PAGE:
In a second stage of the prediction unit 410, a motion operator T is known, but its parameter θ needs to be estimated for the calculation of the predicted image B′ (scenario b). Exemplary approaches to estimate the motion parameter θ, are a Least-Square-Method, a rigid motion model (Affine model) or a phase correlation model.

In a third stage of the prediction unit 410, a motion operator T and its parameter θ need to be estimated for the calculation of the predicted image B′ (scenario c). Exemplary approaches are the rigid motion model (affine model) and the phase correlation model, as in stage 2.

In a fourth stage of the prediction unit 410, the image is partitioned into smaller blocks, for which one or more of the previous stages are applied individually.

Specific example for different prediction methods of the different stages will be discussed below.

Stage 1: Least-Square-Approximation

When the derivatives as well as the motion parameters are small, the image similarity and error image are calculated at the whole-picture level without going further to explicitly estimate motion parameters. That is, I(x+u, y+v, t) is approximated by I(x, y, t−1) using a linear prediction method, for example, least square approximation. The variables x and y represent the pixel position and u and v represent the motion parameters. The variable t indicates the series of images in time. This approximation is useful when the (virtual) camera positions (view points) are close, in which case the similarities between the images would be significant. By directly calculating the error image for the whole image without decomposing the images into smaller macroblocks and matching them in a pair-wise fashion, the related computations for a large part of images that have to be transmitted is minimized. The whole-frame motion description tends to work well when the sampling frequency is high or when the camera motion is small. In such cases, instead of sending the whole frame, one transmits only the error image.

However, when dramatic (virtual) camera motions are present, the differences between images may become big. In this case, one optional way is to code the newly rendered image separately from the previous ones. When this option is used, the computations at the server and client sides are small.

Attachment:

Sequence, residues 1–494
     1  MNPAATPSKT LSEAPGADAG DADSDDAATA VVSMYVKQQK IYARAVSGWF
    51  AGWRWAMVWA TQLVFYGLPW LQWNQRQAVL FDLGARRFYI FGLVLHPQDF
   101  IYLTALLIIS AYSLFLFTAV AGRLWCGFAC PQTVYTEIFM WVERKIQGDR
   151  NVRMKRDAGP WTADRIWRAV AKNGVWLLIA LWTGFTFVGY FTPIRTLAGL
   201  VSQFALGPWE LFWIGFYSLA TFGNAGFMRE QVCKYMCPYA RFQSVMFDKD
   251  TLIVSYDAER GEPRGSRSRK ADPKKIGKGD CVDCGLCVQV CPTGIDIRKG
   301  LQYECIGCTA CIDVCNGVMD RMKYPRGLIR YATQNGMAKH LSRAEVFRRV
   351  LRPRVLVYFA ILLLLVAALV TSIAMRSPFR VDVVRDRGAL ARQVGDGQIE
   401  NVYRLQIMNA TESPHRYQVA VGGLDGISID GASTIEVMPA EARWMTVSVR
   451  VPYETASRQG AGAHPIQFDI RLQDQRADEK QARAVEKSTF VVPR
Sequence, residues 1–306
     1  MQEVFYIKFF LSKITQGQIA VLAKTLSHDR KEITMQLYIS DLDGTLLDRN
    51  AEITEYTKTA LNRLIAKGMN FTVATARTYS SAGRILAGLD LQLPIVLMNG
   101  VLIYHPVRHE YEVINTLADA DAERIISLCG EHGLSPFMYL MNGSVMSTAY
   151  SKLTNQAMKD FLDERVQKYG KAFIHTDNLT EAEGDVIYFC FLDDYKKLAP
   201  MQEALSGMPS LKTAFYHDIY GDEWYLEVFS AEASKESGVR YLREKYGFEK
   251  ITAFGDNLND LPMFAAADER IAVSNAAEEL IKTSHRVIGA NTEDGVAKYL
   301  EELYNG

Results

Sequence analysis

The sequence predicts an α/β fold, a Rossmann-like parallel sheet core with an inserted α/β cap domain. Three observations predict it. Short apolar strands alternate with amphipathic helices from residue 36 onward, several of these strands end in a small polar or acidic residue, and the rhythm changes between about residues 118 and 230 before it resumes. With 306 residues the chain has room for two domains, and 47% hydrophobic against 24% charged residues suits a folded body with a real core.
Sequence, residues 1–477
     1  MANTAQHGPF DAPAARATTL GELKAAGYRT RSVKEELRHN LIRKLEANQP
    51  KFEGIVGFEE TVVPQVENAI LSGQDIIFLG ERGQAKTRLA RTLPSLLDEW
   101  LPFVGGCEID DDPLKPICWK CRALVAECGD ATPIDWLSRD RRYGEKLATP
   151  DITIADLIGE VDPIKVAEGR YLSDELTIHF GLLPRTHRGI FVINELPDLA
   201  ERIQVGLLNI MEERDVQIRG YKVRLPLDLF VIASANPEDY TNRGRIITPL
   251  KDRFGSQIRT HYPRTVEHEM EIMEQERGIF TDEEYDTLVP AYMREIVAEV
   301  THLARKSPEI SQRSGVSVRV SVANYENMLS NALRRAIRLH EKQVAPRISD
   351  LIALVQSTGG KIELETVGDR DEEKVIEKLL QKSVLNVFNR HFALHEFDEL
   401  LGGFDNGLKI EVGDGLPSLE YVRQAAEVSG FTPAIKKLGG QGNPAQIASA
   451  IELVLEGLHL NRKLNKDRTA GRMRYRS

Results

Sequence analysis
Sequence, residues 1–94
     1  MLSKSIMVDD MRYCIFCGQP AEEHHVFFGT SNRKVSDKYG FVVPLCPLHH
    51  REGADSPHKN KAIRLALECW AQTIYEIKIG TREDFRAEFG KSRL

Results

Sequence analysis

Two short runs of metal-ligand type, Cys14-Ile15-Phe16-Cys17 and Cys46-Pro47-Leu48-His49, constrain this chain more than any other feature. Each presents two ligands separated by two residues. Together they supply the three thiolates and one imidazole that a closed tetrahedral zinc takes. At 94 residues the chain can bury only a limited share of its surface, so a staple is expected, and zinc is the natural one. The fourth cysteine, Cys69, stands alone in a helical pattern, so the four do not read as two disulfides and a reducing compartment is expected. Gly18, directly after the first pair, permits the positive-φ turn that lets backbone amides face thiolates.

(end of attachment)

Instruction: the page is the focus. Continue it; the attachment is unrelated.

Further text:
The compressor 210 decides whether the similarity is sufficient, and uses a flag to inform, for example, the client. The client decompresses the transmitted bit stream and reads the flag information. If the image B has been coded independently, the decoded image is the image B which is displayed; otherwise, the decoded image is the error image, which is used to reconstruct the image B. This simple option is particularly useful when the client is thin.

Stage 1: Complete Motion Information

When a priori motion information is available to the compression system 210, e.g., derived from end-user mouse movements and sent as ancillary data outside the rendering context to the context information repository 220, the a priori motion information can be utilized directly. The view-transformation process determines the new position on the image plane and the movement of the object is represented by a transformation matrix, as described for example by J. Foley et al., “Computer Graphics: Principles and Practice,” Addison-Wesley, 1997, the contents of which are herein incorporated by reference.

The parameters for the translations along x-, y-, and z-axis, the zooming factor, and the rotations are directly derived from this transformation matrix. After projecting onto the image plane using a projection matrix of the renderer, the corresponding positions on the image plane are found. The motion information is thus available and utilized by the compression system 210. Even if the a priori information is not that specific, e.g., in the form of known parameters from the transformation matrix, knowing the types of operations is already useful for compression, as one can design specific predictions and motion compensation methods tailored to each individual operation.